In October 2006, the roof of Williams's home caved in. Ebrani informed her that she would have to fix the roof before she could refinance her mortgage again. Williams paid out-of-pocket to fix the roof.
B. The March 21, 2007 Refinancing
In early 2007, Ebrani contacted Williams to arrange the second refinancing of her mortgage loan. He told her the loan would be refinanced with WSMB. On March 21, 2007, Williams attended the closing at the offices of Carone & Associates in Brooklyn, New York. Also in attendance was David Appleman, who was now a WSMB representative, and another individual purportedly from Berkshire. Ebrani again told Williams that she need not have an attorney present to represent her at the closing.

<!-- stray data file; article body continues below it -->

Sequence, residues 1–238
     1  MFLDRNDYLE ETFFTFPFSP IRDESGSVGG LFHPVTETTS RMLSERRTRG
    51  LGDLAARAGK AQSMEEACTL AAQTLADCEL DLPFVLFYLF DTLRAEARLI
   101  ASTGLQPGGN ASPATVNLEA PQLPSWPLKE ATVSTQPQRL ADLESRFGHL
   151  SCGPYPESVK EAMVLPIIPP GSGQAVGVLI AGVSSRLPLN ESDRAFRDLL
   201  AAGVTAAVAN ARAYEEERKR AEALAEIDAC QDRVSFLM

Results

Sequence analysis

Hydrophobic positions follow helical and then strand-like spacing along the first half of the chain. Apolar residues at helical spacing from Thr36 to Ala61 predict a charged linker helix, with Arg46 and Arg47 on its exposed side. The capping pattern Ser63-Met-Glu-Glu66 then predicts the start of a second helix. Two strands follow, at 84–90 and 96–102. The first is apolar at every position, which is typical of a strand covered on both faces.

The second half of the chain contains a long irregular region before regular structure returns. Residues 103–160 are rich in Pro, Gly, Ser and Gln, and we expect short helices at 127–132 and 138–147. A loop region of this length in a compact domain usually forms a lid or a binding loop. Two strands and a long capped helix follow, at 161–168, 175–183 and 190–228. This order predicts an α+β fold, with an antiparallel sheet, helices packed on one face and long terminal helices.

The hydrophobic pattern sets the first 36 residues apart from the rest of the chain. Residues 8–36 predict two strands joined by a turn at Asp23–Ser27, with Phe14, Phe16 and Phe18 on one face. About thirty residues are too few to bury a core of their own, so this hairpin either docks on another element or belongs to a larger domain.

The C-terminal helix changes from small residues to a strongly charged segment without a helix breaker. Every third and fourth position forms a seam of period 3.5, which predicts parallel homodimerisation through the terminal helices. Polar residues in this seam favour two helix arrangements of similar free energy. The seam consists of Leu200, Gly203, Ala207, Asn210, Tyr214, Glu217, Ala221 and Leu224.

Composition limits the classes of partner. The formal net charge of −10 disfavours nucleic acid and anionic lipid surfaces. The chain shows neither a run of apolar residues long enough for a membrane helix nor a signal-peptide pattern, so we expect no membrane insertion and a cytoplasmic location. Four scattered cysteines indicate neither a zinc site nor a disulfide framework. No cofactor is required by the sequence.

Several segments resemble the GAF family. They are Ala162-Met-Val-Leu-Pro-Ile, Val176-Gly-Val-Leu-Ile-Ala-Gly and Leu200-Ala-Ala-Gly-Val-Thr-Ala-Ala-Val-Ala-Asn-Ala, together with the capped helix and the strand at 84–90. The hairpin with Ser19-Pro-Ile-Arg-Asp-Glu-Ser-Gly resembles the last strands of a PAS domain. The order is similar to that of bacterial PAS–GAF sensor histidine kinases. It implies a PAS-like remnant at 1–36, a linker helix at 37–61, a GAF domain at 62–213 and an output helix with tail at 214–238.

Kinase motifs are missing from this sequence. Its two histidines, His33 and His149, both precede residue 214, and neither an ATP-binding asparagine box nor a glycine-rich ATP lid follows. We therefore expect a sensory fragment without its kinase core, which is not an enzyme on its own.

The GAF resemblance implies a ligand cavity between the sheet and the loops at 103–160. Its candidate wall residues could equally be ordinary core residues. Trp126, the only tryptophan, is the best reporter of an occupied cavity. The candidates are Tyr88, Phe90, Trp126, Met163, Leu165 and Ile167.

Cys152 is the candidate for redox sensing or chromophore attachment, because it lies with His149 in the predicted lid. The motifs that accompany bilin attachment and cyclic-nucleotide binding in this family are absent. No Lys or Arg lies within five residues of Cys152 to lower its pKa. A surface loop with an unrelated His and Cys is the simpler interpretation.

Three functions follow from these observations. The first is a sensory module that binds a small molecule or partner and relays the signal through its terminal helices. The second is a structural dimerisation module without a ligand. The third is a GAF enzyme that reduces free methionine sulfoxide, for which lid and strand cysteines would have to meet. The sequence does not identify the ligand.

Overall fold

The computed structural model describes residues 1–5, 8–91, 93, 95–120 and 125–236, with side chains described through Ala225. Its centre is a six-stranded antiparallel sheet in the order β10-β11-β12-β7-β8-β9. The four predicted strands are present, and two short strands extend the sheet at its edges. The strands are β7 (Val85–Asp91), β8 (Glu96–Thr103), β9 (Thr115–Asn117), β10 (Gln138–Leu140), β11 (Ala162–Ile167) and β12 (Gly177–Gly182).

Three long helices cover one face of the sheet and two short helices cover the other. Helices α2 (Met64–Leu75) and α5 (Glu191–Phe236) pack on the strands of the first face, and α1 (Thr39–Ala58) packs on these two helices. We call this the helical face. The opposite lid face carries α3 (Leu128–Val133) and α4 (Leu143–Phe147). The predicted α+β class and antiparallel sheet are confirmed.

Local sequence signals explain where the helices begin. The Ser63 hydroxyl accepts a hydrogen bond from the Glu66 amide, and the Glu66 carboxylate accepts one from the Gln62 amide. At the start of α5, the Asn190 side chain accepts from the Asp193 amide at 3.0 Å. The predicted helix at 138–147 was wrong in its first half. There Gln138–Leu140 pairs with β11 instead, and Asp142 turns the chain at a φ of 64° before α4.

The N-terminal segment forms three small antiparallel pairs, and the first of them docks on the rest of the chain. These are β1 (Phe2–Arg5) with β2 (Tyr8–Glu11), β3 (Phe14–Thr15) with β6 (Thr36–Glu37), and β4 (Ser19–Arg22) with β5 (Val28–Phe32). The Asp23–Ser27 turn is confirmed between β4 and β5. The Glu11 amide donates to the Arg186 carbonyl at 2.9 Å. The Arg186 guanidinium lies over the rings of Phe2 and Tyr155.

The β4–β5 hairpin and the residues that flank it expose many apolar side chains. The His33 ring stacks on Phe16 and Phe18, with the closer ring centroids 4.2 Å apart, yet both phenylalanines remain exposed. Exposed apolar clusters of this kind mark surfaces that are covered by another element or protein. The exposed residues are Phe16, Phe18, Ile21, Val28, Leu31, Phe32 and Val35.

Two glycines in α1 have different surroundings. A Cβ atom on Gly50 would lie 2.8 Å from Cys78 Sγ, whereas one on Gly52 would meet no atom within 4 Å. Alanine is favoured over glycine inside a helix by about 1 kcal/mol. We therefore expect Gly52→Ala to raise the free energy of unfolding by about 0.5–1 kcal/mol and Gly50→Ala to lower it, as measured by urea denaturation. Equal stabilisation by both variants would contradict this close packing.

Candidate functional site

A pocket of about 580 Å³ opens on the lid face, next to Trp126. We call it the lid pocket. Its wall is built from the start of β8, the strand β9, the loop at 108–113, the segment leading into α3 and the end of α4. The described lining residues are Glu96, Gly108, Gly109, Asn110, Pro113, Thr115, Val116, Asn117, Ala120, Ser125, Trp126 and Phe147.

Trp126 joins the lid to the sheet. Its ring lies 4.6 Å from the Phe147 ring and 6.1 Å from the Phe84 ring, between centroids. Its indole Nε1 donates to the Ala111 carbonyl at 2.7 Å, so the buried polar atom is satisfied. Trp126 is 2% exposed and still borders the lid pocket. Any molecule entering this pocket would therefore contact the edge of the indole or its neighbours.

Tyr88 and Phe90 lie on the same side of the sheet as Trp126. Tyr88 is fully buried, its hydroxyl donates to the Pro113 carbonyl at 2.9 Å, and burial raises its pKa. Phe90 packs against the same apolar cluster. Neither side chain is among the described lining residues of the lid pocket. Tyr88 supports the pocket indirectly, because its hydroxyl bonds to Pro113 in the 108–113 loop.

The WSMB refinancing loan was for $282,750, with an initial interest rate of 10.5% and monthly payments of $2,895.63. At the closing, Williams signed many papers, including two different sets of the Uniform Residential Loan Application, the Good Faith Estimate, the Mortgage, the Itemization of Amount Financed and the TILA Disclosure Statement. One set of documents disclosed the loan amount as $275,000, while the other showed the amount to be $282,750. The two TILA Disclosure Statements disclosed different APR and finance charges. Also on March 21, 2007, the deed to Williams's home was transferred back from 113-38 Springfield Blvd., LLC (to which Williams had unknowingly deeded the property a year earlier) to Williams. Williams was again unaware of this deed transfer. Williams was able to make three monthly payments on the 2007 mortgage loan, but then fell behind.